I thoroughly enjoy this element of surprise and I enjoy surprising my guests as well. So, I often don’t tell them the night’s menu ahead, thinking it’s more fun to surprise them with the dishes as we move along.

Obviously, with the way we do things, the willingness to pay for a meal without knowing in advance what you’re going to get requires some confidence and willingness on the part of the diner. Not everybody loves this game as much as I do which is understandable, so I’ve been known to give off hints of main ingredients. Since this year I’m facing the extra pressure of having the world watching my every move and counting on me for inspiration, I’ve decided to disclose my working draft of the menu.  It will be available on this site tomorrow, so check this space.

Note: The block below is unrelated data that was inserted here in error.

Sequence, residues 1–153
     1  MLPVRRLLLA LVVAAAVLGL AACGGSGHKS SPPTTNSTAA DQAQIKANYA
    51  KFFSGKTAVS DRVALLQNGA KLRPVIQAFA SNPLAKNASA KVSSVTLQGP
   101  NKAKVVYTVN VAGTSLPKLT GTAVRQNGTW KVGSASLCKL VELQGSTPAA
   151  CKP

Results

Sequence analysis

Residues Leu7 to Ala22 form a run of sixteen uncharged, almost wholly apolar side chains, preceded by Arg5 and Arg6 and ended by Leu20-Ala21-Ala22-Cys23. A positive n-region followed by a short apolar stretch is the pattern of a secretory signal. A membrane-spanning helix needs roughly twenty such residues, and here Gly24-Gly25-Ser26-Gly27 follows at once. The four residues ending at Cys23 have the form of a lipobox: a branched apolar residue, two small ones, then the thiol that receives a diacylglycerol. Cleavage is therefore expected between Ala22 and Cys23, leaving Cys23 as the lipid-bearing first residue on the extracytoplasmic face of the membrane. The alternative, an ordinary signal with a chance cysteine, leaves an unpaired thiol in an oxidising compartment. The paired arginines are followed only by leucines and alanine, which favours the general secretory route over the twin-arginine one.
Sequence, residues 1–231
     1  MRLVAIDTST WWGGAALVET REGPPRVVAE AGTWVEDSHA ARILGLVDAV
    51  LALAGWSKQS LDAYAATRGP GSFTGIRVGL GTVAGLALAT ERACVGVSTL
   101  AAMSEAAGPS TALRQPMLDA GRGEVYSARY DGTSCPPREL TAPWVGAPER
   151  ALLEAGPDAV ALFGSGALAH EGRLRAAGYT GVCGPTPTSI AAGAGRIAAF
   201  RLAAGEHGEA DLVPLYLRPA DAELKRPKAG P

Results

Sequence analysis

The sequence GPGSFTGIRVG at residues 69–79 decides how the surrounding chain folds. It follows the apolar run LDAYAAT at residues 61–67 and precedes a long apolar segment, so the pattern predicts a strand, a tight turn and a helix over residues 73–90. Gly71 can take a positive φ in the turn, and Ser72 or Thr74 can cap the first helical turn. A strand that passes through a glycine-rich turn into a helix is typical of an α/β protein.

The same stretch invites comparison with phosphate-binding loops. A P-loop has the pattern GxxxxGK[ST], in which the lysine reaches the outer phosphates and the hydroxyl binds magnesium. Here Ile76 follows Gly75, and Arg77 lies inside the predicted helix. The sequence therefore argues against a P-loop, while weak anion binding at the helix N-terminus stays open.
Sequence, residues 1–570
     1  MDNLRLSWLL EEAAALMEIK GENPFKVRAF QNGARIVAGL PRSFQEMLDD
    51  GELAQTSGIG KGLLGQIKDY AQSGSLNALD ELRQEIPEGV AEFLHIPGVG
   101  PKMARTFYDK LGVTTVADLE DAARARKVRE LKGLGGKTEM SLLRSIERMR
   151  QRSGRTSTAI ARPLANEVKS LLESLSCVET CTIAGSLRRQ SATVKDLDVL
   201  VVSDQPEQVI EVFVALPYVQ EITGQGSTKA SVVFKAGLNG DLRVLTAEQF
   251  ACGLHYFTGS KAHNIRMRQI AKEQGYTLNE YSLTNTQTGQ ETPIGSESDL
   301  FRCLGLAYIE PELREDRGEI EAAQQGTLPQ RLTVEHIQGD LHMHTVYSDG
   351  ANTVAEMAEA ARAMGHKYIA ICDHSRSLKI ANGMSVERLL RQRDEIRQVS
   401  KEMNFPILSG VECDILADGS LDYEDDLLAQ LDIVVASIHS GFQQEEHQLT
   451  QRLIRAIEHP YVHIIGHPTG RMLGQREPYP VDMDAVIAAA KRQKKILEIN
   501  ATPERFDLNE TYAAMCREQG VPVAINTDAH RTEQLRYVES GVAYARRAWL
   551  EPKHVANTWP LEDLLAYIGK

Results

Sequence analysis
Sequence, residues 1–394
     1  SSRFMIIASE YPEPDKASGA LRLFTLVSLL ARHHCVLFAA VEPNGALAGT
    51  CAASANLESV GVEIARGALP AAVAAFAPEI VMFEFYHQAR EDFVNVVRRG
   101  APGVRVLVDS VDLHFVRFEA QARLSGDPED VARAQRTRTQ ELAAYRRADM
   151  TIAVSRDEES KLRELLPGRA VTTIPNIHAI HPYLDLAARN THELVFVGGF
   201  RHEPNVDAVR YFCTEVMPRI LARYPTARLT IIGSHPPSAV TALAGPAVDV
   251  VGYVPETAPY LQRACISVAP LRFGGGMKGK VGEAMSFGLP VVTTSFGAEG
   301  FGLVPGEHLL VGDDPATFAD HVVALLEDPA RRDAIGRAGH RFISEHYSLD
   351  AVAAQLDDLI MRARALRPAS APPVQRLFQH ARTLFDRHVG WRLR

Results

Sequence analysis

Solution: Have awesome friends that are always up for a surprise or a challenge. Or give hints as to what you’re cooking. You could, of course, also drop the secrecy altogether if it’s not really your thing. 


The end results?

With the way this game usually plays out, there’s really no way of saying before rather late on the 31st of December. That’s not to say I’ll keep you in the dark, though. Check back tomorrow, then I should be able to post the preliminary menu for my New Year’s Dinner 2013.

A walk-through of the menu, the dishes, the creation and other fun things will, of course, be posted in early 2014, so stay tuned… And until then: Happy cooking!

What are you cooking for new years?

Thoughts? Comments? Suggestions? Leave a Reply!